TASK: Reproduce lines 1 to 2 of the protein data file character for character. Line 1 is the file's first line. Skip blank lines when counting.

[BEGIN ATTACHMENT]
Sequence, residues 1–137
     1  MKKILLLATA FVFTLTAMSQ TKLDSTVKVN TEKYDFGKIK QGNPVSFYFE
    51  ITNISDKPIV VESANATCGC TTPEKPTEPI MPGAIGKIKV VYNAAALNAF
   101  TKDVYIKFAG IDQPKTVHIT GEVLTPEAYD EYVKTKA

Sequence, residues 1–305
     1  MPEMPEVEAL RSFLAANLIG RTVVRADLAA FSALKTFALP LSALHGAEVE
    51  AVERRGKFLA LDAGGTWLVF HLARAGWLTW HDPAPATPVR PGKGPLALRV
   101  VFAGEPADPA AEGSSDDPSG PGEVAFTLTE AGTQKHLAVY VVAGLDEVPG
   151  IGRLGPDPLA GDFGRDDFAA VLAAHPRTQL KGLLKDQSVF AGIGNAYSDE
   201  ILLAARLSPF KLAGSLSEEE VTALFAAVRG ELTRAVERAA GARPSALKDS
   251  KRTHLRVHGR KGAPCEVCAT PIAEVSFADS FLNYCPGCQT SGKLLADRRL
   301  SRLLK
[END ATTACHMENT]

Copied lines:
Sequence, residues 1–137
     1  MKKILLLATA FVFTLTAMSQ TKLDSTVKVN TEKYDFGKIK QGNPVSFYFE